Saturday, July 18, 2015

Make your own pickles without a store bought seasoning mix

Home made pickles


Sunday, July 19, 2015

July is prime cucumber season!  Cucumbers love heat.  If you have more than you can or want to eat fresh, there is always homemade pickles.  Homemade pickles are sooooooo easy!  My husband loves those “Stacker” type pickles, the big slices you lay across the bun for a juicy hamburger.

I enjoy making pickles.  I slice up my extra cucumbers to just the length and width my husband likes them for his burgers and use my homemade pickling herbs and spices with organic apple cider vinegar.  The trick is to make sure you do not put less salt or vinegar in them.  Salt and vinegar are preservatives.  They keep the dilly solution acidic enough so your pickles do not spoil.

You can make either picklers or slicers cucumbers into pickles.  Picklers have been bred to be smaller and have smaller seeds, but both have the same fresh cucumber taste.  Don’t let the cucumber get too big, this results in big seeds and slows down cucumber production.

I can a jar at a time.  You want your cucumbers fresh for preserving.  I harvest the cucumbers before they get too large.  This does two things, it keeps the size of the seeds in the cucumber down and it keeps the vine producing.  All vegetables are in the business of insuring survival so they give everything they have to producing their seed, the vegetables we harvest.  If you keep removing their seeds, they keep trying to make more!

I typically can 2-3 cucumbers at a time.  These will fit nicely into a quart canning jar.  Make sure the jar and lid have been sterilized.  I slice them lengthwise to the size that will fit on a bun; make sure you remove the ends of the cucumber as some ends are bitter.  I add 2-3 flowering dill heads, 4-5 sprigs of salad burnet or tarragon, 2 cloves, 4-5 garlic cloves, 1/4 cup of apple cider vinegar, 1/4 teas of caraway seeds, 1/4 teas of peppercorns, one cardamon seed pod, 3 tablespoons of salt, a bay leave, fill the rest of the jar with water (about 2 cups is all that is needed).  If you like 'em spicy, throw in a pepper or two with stem removed.  Slice the pepper in half to get the spicy from the seeds.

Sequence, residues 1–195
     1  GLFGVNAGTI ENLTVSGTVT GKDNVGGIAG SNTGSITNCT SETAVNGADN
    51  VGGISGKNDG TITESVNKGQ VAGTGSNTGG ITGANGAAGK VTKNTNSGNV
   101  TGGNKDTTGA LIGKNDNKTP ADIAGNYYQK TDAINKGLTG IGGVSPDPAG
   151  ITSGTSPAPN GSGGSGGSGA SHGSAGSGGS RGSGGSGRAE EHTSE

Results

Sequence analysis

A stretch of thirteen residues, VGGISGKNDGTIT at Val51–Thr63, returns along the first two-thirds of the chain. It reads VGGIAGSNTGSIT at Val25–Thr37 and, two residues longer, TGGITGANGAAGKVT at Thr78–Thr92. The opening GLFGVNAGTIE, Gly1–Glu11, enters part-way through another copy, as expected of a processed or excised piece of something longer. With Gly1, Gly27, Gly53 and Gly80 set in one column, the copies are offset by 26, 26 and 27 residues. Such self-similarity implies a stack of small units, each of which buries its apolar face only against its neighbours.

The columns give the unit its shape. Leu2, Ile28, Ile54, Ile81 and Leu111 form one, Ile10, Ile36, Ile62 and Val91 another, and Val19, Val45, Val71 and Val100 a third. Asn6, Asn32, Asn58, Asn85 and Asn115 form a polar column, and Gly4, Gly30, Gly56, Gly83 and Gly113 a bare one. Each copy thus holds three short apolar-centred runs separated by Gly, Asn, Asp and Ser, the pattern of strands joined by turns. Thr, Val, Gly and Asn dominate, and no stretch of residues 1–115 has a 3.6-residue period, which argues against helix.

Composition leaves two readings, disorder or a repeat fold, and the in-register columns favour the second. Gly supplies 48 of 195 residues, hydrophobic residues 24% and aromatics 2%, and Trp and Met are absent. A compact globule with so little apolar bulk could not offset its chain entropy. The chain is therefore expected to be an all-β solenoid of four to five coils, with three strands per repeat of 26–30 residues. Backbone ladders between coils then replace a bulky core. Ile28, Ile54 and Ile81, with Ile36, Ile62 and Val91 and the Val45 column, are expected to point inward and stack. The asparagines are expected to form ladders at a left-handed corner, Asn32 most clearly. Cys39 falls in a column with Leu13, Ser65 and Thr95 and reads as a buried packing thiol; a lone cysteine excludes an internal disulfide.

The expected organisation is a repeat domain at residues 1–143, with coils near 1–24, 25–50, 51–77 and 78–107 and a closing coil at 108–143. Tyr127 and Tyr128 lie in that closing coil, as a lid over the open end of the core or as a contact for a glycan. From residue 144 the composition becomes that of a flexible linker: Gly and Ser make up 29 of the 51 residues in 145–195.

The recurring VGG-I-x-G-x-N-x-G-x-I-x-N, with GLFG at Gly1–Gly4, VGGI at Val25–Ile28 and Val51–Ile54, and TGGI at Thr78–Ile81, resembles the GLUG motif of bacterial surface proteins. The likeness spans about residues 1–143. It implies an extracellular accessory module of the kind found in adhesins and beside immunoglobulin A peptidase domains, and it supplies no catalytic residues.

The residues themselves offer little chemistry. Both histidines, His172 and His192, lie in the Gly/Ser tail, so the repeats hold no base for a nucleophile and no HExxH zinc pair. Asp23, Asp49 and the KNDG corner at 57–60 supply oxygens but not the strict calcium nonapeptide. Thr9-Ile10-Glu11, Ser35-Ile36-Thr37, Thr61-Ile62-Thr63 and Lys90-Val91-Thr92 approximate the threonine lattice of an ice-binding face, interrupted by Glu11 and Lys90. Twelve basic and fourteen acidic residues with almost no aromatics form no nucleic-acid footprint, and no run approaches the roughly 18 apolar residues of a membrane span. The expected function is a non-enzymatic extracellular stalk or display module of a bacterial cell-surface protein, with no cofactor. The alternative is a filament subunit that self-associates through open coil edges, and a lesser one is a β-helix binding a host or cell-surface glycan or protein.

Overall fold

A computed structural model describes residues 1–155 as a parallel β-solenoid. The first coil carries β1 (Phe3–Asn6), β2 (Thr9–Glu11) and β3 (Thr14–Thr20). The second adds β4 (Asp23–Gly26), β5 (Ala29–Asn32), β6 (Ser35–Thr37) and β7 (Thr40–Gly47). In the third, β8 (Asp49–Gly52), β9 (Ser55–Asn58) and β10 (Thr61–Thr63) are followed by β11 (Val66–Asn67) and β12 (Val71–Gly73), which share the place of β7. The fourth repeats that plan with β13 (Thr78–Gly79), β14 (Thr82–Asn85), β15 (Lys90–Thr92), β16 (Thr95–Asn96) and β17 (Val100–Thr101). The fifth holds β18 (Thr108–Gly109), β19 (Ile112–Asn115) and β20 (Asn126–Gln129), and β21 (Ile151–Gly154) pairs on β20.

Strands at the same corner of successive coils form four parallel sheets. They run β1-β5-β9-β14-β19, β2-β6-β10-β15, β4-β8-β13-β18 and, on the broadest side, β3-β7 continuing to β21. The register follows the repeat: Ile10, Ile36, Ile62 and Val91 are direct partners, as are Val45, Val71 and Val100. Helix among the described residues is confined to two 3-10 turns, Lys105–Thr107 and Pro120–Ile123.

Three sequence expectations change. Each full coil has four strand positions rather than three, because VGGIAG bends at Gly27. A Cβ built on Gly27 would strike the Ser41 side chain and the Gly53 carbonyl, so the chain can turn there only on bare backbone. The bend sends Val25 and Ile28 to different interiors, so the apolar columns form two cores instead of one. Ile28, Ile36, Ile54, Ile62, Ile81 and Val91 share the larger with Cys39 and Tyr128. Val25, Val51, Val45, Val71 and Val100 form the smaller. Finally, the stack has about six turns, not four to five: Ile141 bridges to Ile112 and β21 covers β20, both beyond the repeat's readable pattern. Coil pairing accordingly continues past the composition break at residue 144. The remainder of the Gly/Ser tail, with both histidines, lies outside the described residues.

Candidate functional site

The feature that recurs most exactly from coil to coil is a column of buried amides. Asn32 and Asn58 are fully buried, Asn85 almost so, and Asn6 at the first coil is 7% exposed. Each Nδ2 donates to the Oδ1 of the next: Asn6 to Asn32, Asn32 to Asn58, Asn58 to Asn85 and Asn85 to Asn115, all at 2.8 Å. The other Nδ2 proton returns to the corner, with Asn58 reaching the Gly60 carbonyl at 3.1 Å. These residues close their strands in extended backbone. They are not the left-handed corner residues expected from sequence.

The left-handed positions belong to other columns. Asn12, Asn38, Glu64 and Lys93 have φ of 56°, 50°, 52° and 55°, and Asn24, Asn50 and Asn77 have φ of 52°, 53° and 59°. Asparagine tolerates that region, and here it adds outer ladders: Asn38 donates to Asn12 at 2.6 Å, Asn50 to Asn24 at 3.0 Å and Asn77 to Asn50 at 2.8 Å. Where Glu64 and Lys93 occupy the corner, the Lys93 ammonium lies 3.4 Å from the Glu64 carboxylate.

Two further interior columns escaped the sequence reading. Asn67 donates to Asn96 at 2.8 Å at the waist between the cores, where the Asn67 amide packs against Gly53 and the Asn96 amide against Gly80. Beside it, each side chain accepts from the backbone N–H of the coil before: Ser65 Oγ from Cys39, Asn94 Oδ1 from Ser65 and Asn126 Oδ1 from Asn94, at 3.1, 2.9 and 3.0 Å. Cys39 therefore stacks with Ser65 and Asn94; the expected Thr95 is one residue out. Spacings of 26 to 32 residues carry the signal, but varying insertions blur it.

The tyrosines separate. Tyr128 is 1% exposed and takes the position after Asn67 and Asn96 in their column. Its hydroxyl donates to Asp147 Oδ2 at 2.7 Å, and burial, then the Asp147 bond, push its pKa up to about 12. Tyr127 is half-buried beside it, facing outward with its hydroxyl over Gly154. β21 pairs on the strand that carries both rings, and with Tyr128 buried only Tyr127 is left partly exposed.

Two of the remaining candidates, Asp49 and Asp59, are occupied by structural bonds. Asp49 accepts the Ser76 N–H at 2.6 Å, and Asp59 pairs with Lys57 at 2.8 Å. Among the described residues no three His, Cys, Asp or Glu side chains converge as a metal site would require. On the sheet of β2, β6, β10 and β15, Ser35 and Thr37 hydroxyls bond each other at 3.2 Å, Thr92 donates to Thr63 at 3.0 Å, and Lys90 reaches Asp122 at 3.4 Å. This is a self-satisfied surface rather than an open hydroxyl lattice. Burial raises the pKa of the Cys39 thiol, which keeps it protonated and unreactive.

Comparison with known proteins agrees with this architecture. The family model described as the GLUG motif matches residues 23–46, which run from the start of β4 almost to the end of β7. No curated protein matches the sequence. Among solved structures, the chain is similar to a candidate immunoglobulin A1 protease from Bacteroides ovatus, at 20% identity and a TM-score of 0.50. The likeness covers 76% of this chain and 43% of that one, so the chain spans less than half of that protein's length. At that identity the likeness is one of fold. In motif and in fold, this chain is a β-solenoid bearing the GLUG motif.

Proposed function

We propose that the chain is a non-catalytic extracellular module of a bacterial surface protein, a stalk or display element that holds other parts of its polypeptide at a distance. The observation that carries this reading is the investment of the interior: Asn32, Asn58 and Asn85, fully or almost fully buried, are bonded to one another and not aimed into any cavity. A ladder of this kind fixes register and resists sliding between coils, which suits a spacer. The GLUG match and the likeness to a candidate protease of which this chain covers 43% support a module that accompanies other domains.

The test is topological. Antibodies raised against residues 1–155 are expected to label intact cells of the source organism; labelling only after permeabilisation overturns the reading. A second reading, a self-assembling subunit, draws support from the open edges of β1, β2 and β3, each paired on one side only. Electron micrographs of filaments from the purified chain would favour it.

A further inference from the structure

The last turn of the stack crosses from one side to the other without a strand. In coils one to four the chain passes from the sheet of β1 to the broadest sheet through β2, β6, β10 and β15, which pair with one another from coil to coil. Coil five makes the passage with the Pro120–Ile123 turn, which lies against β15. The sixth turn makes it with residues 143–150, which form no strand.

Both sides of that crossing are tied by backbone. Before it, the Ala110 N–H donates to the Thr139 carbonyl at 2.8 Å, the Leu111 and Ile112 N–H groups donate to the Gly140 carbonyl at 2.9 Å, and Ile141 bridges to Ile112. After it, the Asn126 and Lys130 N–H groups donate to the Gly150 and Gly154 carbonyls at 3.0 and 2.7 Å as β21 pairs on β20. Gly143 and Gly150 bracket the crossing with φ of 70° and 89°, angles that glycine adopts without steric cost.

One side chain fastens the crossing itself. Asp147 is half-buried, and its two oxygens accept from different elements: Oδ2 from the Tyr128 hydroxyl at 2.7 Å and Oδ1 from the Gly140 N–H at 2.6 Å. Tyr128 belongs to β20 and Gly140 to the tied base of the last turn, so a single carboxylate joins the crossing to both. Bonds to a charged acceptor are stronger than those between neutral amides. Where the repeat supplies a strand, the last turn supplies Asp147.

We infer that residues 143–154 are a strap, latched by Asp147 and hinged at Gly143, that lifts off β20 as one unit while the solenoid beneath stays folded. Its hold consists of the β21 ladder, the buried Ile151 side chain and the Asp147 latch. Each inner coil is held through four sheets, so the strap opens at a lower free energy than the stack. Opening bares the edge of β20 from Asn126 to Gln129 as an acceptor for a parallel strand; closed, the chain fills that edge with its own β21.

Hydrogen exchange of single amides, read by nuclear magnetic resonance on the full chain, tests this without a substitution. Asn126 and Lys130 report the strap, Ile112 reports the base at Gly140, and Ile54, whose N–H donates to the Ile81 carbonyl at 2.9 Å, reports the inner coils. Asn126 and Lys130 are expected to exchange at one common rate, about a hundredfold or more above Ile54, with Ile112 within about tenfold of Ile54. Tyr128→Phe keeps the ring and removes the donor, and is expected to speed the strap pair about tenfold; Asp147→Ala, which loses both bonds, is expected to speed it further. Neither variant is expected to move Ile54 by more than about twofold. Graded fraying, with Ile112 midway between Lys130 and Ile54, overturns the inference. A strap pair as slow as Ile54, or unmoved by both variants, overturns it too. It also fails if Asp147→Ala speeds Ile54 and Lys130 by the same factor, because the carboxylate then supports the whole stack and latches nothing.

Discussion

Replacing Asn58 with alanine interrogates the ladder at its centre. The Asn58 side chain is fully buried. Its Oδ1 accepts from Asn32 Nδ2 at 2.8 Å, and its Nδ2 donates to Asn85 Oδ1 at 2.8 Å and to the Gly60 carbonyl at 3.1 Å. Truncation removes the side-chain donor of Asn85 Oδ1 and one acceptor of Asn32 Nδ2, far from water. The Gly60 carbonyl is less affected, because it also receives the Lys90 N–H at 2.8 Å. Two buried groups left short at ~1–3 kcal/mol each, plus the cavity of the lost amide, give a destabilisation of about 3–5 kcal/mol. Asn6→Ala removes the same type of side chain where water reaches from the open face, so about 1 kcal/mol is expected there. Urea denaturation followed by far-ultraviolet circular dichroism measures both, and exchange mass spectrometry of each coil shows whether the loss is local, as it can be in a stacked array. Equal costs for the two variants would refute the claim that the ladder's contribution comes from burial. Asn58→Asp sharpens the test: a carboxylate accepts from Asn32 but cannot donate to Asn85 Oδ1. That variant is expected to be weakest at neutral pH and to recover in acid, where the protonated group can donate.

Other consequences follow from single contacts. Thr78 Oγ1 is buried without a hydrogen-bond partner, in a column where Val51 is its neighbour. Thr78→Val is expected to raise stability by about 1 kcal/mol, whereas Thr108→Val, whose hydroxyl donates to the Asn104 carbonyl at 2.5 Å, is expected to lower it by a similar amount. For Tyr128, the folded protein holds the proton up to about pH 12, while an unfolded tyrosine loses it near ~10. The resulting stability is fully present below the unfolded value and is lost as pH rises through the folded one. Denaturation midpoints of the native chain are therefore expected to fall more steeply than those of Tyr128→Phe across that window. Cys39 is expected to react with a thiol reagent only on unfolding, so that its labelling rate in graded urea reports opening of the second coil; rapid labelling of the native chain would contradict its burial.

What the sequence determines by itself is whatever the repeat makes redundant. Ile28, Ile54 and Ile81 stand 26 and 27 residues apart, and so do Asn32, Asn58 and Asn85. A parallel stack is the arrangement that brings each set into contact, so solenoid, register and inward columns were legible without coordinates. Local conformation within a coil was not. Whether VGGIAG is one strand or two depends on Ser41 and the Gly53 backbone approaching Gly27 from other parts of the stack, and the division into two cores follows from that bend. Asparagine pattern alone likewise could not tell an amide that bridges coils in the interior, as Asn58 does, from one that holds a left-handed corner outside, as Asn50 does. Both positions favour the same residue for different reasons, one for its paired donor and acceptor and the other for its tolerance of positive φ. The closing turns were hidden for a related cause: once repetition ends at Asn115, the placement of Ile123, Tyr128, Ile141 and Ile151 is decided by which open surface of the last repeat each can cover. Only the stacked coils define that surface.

Sliced cucumber with herbs from the garden for seasoning

You can get a good jar seal by heating the water and seasonings on the stove to a boil, let cool, add the vinegar, then pour over the sliced cucumbers in the jar, and put the lid on.  Or you can do it the old fashioned way and not heat the liquid, letting the pickles naturally ferment.  It is critical that you have at least the amount of salt and vinegar recommended or the pickles will go bad.  I shake the jar a couple of times a day until the salt is completely dissolved. You let them ferment at room temperature in a cool, dark place 1-4 weeks and they are ready to eat!

For more on fermentation for food preservation, a good book is "Wild Fermentation" by Sandor Ellix Katz.

Some swear that adding a grape leaf will keep the pickles crisp.  I don’t have a grapevine so have not been able to confirm this tip, but will certainly remember for when we do.

Unopened pickle jars will keep for a year or longer.  Once opened, keep refrigerated and eat within a couple of months.

Cucumber ready to harvest
To keep your cucumbers in peak production, harvest when the cukes are 6-7 inches in length.  I use scissors to cut the cuke from the vine.  If you are not going to use them immediately, store in a freezer bag in the crisper.  You can perk up the cuke by soaking in cool water.

Cucumbers love heat, organic matter and moisture.  They are easiest to harvest when given a trellis to climb.  Keep the fruits harvested for best production.  I use a liquid fertilizer like fish emulsion or bat guano and seaweed to add other needed nutrients.  Monthly side dressings of compost works well, too.  For minerals, I also use a “Growers Mineral Solution” to get the minerals plants need.  This also means the fruits you eat will be rich in minerals.  Your plants are what you feed them.  

Do not let the plant get dry.  This is what causes bitter fruits.  When I grow cucumbers in pots or in the ground, I use mulch to help retain moisture for the plant.  If growing in a pot, you may need to water daily during heat waves or use a self watering pot with a built in water reservoir.

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